Although I’m clearly not as vociferous about this as other ScienceBloggers, I do remain concerned about the rise of fundamentalist religion, whether it be Christian, Muslim, Jewish, or whatever. Whenever dogmatic, literal, fundamentalist interpretation of whatever holy scriptures someone believes in takes hold, the brain shuts off, and no other interpretation other than the narrow interpretation of the fundamentalist is viewed as acceptable. Another pernicious effect is that, if scripture seems to conflict with science, science loses, and religion-inspired non-science like creationism takes hold, something we see happening in this country. It’s also something that, despite setbacks to intelligent design creationism dealt at Dover, is likely to remain a problem.
Always fans of having lots of babies, now a sect of fundamentalists is taking it to an extreme and making babies by the “quiverfull“:
Lives such as these: Janet Wolfson is a 44-year-old mother of eight in Canton, Georgia. Tracie Moore, a 39-year-old midwife who lives in southern Kentucky, is mother to fourteen. Wendy Dufkin in Coxsackie has her thirteen. And while Jamie Stoltzfus, a 27-year-old Illinois mom, has only four children so far, she plans on bearing enough to populate “two teams.” All four mothers are devoted to a way of life New York Times columnist David Brooks has praised as a new spiritual movement taking hold among exurban and Sunbelt families. Brooks called these parents “natalists” and described their progeny as a new wave of “Red-Diaper Babies”–as in “red state.”
But Wolfson, Moore and thousands of mothers like them call themselves and their belief system “Quiverfull.” They borrow their name from Psalm 127: “Like arrows in the hands of a warrior are sons born in one’s youth. Blessed is the man whose quiver is full of them. They will not be put to shame when they contend with their enemies in the gate.” Quiverfull mothers think of their children as no mere movement but as an army they’re building for God.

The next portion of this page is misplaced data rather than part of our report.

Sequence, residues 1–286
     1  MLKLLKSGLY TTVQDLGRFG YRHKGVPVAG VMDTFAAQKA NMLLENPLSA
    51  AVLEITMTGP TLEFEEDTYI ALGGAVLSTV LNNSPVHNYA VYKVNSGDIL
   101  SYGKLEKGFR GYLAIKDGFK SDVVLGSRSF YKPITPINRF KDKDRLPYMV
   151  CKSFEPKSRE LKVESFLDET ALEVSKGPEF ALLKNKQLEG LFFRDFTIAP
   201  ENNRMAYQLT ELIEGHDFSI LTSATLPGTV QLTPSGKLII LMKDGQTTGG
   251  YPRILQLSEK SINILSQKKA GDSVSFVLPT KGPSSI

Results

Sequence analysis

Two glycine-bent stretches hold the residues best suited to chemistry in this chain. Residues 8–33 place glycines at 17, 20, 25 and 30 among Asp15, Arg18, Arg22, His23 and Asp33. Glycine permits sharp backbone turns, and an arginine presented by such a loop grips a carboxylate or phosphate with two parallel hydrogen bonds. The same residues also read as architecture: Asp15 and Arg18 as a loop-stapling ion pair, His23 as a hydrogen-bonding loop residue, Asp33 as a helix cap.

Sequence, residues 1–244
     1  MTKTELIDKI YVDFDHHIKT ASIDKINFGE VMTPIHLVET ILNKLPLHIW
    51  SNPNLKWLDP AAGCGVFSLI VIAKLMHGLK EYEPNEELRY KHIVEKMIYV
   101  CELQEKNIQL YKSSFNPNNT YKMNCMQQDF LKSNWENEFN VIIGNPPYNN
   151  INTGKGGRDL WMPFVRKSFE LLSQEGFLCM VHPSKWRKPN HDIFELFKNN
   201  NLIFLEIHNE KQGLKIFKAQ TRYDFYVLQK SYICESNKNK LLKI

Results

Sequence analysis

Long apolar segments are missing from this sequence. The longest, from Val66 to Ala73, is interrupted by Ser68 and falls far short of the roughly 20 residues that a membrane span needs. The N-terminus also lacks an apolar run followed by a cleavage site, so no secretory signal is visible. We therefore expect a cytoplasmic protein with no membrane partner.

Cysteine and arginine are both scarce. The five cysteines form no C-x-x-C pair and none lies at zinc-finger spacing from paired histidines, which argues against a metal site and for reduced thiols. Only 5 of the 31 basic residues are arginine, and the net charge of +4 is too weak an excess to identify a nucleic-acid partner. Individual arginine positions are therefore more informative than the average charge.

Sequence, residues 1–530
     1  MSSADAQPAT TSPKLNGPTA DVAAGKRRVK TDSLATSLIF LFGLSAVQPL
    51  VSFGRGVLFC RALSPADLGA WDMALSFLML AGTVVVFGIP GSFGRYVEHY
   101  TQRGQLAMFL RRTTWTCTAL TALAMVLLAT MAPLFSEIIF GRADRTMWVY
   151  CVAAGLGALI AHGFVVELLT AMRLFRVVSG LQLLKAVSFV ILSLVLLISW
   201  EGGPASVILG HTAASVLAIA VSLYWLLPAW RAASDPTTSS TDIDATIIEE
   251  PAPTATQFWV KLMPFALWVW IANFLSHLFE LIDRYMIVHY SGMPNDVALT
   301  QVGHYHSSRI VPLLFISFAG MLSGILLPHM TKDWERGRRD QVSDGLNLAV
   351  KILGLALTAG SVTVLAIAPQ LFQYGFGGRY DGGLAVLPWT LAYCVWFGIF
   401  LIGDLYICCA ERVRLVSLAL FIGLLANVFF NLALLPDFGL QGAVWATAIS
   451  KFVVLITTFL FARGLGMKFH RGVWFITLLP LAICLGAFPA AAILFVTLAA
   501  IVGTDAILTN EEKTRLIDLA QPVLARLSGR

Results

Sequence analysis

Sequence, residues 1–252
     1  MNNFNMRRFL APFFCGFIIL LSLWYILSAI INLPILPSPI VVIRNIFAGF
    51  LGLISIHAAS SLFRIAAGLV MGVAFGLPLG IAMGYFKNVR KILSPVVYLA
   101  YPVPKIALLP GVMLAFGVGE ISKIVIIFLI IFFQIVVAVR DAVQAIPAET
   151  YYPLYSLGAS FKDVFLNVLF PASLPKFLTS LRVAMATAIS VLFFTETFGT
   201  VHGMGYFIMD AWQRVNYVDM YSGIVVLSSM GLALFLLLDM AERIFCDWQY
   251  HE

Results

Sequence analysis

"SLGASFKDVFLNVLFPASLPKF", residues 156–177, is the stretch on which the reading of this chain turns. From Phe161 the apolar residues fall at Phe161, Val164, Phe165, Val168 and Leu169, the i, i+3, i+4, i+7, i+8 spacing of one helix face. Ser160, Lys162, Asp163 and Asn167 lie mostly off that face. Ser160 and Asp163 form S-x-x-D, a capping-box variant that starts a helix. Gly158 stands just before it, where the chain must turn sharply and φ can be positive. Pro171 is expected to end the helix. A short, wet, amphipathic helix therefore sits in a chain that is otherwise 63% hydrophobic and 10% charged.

Quiverfull parents try to have upwards of six children. They home-school their families, attend fundamentalist churches and follow biblical guidelines of male headship–”Father knows best”–and female submissiveness. They refuse any attempt to regulate pregnancy. Quiverfull began with the publication of Rick and Jan Hess’s 1989 book, A Full Quiver: Family Planning and the Lordship of Christ, which argues that God, as the “Great Physician” and sole “Birth Controller,” opens and closes the womb on a case-by-case basis. Women’s attempts to control their own bodies–the Lord’s temple–are a seizure of divine power…
“Our bodies are meant to be a living sacrifice,” write the Hesses. Or, as Mary Pride, in another of the movement’s founding texts, The Way Home: Beyond Feminism, Back to Reality, puts it, “My body is not my own.” This rebuttal of the feminist health text Our Bodies, Ourselves is deliberate. Quiverfull women are more than mothers. They’re domestic warriors in the battle against what they see as forty years of destruction wrought by women’s liberation: contraception, women’s careers, abortion, divorce, homosexuality and child abuse, in that order.
And the babies are meant to be culture warriors who, when they grow up, will make sure that the same dogma is perpetuated far and wide. Also, like nearly all fundamentalists, Quiverfull parents’ beliefs are absolutist: